EPIDIDYMAL HYPERTENSION (Blue Balls) in Males and Females.
What is Epididymal Hypertension?
Epididymal Hypertension a.k.a "Blue Balls" is a testicular aching that occurs as a result of blood being accumulated or retained in the male’s genitals after prolonged sexual arousal and is not dispersed by an orgasm.
What Causes Epididymal Hypertension?
When a man becomes sexually aroused, the arteries carrying blood to his genitals enlarges, while the veins leaving the genital area constricts, granting less blood to escape.
This uniform rate of blood flow increases the amount and pressure of blood flow and traps it in the genital area. This pressure is accountable for producing an erection that makes the testes swell 25 to 50% larger than their normal size.
If an orgasm is reached, the blood vessels will then return to their normal sizes and the volume of blood in the genitals rapidly returns to its normal level. In other words, if a man does not achieve an orgasm, blood in the genital area builds up through a process known as "vasogongestion" and might create sensations of heaviness, discomfort or aching.
The accumulation of deoxygenated blood in the testicles causes the scrotum to turn a bluish hue and this is the reason this condition is termed “Blue Balls”. The oxygen rich blood on the skin surface creates a red color, while blood with little oxygen appears blue. The longer blood stays in the scrotum and testes without circulating to the lungs and heart the less oxygen it collects and the more blue the skin appears.
Epididymal hypertension does not usually last long and oftentimes the pain associated with blue balls is minor. Most men may become frustrated when they get an erection during sexual activities but do not achieve orgasm. This frustration and failure to ejaculate is capable of adding psychological stress to physical discomfort, making blue balls appear even worse. Men who feel pressure to ejaculate each time they are aroused may attempt to force an unwilling partner to take part in sexual activity leading to his own climax.
How is Blue Balls Treated?
The simplest remedy for blue balls is ejaculation and orgasm. Masturbation is often the most viable way to obtain this orgasm, especially if one's partner doesn't want to have sex. Testicular pain usually dissipates slowly after orgasm, or on its own when the individual is no longer aroused. Realizing that ejaculation isn't a requirement for all sexual activities may help partners become more comfortable together and experience better sexual intimacy.
Other quick ways to become unaroused:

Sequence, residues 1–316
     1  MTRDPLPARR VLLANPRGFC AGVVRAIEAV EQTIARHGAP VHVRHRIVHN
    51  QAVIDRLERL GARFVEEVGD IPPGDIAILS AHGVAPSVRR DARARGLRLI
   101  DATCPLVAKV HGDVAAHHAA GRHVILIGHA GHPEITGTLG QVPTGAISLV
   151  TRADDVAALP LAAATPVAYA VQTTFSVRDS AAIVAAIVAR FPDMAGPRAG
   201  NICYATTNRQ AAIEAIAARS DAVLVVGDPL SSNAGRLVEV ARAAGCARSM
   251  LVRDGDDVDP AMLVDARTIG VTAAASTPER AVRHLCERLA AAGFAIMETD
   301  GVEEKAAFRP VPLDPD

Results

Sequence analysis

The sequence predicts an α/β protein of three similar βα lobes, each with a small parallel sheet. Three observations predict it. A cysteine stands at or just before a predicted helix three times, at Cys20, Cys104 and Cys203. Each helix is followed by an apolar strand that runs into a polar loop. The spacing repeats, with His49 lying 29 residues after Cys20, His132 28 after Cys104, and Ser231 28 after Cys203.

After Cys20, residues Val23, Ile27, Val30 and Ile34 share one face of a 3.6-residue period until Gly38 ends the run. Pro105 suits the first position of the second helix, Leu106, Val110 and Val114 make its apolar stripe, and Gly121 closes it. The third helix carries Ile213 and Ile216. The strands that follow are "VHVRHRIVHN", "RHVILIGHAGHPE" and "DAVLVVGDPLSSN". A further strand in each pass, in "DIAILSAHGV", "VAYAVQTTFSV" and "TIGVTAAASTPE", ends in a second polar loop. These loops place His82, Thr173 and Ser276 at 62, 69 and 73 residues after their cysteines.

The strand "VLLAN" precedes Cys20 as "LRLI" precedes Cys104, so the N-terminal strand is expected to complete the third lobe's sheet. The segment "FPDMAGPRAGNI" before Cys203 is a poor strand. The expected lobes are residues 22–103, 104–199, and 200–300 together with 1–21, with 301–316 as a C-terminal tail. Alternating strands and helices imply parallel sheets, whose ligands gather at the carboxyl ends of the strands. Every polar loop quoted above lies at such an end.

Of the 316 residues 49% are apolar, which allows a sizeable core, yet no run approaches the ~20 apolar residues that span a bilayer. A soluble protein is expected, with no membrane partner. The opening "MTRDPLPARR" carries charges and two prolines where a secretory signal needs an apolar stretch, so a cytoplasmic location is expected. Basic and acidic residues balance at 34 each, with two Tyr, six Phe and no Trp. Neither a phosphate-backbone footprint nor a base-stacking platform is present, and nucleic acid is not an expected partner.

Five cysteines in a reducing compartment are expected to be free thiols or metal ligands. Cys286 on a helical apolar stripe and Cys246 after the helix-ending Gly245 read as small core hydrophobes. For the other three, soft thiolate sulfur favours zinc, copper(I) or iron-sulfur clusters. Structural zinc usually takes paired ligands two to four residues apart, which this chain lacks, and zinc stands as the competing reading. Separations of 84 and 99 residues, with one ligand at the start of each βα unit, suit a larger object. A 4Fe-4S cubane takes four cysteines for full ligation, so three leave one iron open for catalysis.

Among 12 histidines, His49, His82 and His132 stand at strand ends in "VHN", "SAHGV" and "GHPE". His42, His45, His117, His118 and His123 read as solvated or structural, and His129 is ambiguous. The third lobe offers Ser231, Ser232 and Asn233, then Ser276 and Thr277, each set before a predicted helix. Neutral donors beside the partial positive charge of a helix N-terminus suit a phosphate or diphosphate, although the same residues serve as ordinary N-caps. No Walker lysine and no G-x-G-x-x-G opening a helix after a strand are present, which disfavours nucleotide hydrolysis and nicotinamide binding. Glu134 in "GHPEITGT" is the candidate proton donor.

•Think of something nonsexual
•Take a cold shower
•Work or do activities that keep you busy
•Distract yourself with music
•Exercise might also help because it can move the flow of blood away from your testicles to your muscles.
•Apply an ice pack or other cold substance to the area might also help because it will constrict the blood vessels and reduce additional blood flow to the area.
Epididymal Hypertension in women or "Blue Vulva".
Women are also affected by pelvic congestion, or “blue vulva”, and experience the discomfort of unreleased vasocongestion. During sexual arousal womens’ vulva, ovaries and uterus swell with blood, causing the feeling of heaviness and aching that men experience in their genital area. This discomfort in women can also be relieved by achieving an orgasm or by merely waiting for a period of time. Note that “blue vulva” or the generic term “pelvic congestion” is different from “pelvic congestive syndrome”. Pelvic congestive syndrome, unlike blue vulva is a condition where enlarged varicose veins cause chronic aching in the pelvic region.
Treatment of PCS
The discomfort or pain one experiences from pelvic congestive syndrome (PCS) can't be simply relieved by orgasm. If the discomfort associated with PCS does not discipate, embolization actions are often conducted. An embolization is a reduced invasive, outpatient procedure where a physician inserts a thin catheter, into the femoral vein of the groin to relieve pressure while the patient is placed under local anesthesia.
Other non-surgical remedies for PCS may involve physical therapy or electrical nerve stimulation.
Blue balls or Epididymal Hypertension refers to the heaviness or pain caused by a delay in orgasm. Most males don’t often experience it, and it’s not generally serious. You should talk to a sex therapist or a doctor if it causes you significant pains or affects the value of your sex life. Constant pain in the testicles, mostly if it’s not related to sexual stimulations, may indicate an even more serious issue if it's accompanied by other symptoms.